8. Manufacturing – For management of supply chain and for tracking production of items in factories, inventories of items in warehouses/stores, and orders for items. [production, inventory, orders, supply chain]
9. Human Resources – For information about employees, salaries, payroll taxes and benefits, and generation of paychecks. [employee records, salaries, tax deductions]

Data and Information:

Data are raw facts or observations typically about physical phenomenon or business transactions. More specifically data are objective measurements of the attributes (or characteristics) of entities (such as people, places, things and events)

Data Organization and Grouping:

Data as we already mentioned occurs in real world individually. But it is grouped and organized to help process it and generate information.
The grouping of related data items from user’s view is called logical grouping. The grouping of data items from the point of view of its storage inside the computer is called physical grouping.
Just as writing is organized in letters, words, sentences, paragraphs and chapters, Data can be organized as characters, fields, records, files and databases.
Post: #3
to get information about the topic "DBMS" full report ppt and related topic refer the link bellow
Post: #4

.ppt  DATABASE MANAGEMENT.ppt (Size: 323.5 KB / Downloads: 97)

Recovery and Atomicity

Modifying the database without ensuring that the transaction will commit may leave the database in an inconsistent state.
Consider transaction Ti that transfers $50 from account A to account B; goal is either to perform all database modifications made by Ti or none at all.
Several output operations may be required for Ti (to output A and B). A failure may occur after one of these modifications have been made but before all of them are made.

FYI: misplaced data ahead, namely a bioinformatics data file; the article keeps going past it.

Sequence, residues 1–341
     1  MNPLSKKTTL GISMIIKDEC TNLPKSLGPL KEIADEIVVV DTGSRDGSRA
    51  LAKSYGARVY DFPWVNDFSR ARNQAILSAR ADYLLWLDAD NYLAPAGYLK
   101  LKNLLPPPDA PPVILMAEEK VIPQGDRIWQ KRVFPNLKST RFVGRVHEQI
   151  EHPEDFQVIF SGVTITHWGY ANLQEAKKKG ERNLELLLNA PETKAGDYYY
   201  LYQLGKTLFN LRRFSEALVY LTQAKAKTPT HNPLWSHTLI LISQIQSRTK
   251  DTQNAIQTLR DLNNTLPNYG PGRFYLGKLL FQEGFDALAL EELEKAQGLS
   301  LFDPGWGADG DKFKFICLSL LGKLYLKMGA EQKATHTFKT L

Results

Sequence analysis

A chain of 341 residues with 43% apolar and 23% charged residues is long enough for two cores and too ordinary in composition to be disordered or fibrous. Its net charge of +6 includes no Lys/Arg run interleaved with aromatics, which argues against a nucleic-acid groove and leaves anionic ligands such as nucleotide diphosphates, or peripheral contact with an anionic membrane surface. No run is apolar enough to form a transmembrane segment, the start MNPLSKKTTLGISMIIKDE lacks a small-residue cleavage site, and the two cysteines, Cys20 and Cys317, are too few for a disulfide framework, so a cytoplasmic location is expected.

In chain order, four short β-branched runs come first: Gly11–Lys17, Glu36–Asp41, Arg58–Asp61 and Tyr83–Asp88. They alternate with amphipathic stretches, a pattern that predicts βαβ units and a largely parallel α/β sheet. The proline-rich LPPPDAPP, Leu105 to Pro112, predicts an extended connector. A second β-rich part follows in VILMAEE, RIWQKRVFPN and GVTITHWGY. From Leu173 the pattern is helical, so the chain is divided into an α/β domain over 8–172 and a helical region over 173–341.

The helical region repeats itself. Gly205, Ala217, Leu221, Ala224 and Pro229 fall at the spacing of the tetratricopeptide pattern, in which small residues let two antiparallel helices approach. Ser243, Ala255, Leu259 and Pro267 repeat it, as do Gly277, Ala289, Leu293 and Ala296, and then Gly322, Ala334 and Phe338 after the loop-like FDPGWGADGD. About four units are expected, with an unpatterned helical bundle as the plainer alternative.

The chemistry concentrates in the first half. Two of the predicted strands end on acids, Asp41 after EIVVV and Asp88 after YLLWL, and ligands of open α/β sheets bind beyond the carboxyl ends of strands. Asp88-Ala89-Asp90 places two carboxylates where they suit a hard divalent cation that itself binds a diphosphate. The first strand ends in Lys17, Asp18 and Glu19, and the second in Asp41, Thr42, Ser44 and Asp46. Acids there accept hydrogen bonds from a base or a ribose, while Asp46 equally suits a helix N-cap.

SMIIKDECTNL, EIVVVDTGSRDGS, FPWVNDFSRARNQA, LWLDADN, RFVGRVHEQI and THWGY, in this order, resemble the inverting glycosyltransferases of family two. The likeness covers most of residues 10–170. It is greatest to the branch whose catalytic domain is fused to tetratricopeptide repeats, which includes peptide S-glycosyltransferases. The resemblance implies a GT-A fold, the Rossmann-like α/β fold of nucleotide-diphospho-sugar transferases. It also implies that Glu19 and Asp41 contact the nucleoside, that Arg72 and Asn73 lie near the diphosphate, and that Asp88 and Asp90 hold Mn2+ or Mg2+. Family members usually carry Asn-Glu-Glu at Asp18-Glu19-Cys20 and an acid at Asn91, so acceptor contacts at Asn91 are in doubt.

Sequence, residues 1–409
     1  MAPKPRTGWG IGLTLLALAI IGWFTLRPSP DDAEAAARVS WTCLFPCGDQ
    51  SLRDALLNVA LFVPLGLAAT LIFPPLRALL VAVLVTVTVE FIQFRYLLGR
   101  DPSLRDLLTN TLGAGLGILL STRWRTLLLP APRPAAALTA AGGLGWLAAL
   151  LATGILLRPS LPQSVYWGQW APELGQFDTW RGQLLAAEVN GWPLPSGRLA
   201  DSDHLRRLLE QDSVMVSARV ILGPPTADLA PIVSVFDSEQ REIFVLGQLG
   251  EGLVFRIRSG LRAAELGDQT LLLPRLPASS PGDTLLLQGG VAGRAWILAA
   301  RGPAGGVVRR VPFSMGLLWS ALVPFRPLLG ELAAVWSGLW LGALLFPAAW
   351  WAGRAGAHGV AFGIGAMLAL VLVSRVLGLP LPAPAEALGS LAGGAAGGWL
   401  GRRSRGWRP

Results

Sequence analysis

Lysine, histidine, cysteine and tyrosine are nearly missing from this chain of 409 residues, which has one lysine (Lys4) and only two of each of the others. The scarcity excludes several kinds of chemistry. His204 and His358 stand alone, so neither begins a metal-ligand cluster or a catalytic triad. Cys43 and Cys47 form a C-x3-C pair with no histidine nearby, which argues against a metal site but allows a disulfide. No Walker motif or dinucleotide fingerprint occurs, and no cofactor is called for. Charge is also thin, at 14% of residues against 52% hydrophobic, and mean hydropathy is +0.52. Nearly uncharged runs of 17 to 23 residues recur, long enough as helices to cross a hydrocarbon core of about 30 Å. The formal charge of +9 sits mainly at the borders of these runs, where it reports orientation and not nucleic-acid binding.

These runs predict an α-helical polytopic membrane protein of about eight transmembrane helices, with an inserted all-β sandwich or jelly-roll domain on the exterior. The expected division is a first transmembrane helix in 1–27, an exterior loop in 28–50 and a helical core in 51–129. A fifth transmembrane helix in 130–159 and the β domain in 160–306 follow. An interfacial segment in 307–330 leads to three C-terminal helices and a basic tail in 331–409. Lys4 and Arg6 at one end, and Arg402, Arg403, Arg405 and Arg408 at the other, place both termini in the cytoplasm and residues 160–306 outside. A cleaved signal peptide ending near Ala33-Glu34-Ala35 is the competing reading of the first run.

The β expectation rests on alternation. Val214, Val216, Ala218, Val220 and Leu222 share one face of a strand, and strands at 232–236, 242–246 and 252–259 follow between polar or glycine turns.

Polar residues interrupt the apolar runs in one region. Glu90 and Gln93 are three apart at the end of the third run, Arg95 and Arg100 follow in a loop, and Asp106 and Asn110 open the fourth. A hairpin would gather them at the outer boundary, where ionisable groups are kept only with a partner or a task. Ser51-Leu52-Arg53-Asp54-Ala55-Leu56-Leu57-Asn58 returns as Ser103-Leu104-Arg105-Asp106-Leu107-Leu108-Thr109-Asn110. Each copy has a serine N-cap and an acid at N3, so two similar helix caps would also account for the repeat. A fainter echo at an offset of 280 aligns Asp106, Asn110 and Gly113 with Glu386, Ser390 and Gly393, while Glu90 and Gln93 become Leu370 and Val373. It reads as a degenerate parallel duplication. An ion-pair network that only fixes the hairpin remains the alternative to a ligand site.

Recovery Algorithms

Recovery algorithms are techniques to ensure database consistency and transaction atomicity and durability despite failures
Focus of this chapter
Recovery algorithms have two parts
Actions taken during normal transaction processing to ensure enough information exists to recover from failures
Actions taken after a failure to recover the database contents to a state that ensures atomicity, consistency and durability

Log-Based Recovery

A log is kept on stable storage.
The log is a sequence of log records, and maintains a record of update activities on the database.
When transaction Ti starts, it registers itself by writing a <Ti start>log record
Before Ti executes write(X), a log record <Ti, X, V1, V2> is written, where V1 is the value of X before the write, and V2 is the value to be written to X.
Log record notes that Ti has performed a write on data item Xj Xj had value V1 before the write, and will have value V2 after the write.
When Ti finishes it last statement, the log record <Ti commit> is written.
We assume for now that log records are written directly to stable storage (that is, they are not buffered)
Two approaches using logs
Deferred database modification
Immediate database modification

Deferred Database Modification

The deferred database modification scheme records all modifications to the log, but defers all the writes to after partial commit.
Assume that transactions execute serially
Transaction starts by writing <Ti start> record to log.
A write(X) operation results in a log record <Ti, X, V> being written, where V is the new value for X
Note: old value is not needed for this scheme
The write is not performed on X at this time, but is deferred.
When Ti partially commits, <Ti commit> is written to the log
Finally, the log records are read and used to actually execute the previously deferred writes.


Problems in recovery procedure as discussed earlier :
searching the entire log is time-consuming
we might unnecessarily redo transactions which have already
output their updates to the database.
Streamline recovery procedure by periodically performing checkpointing
Output all log records currently residing in main memory onto stable storage.
Output all modified buffer blocks to the disk.
Write a log record < checkpoint> onto stable storage.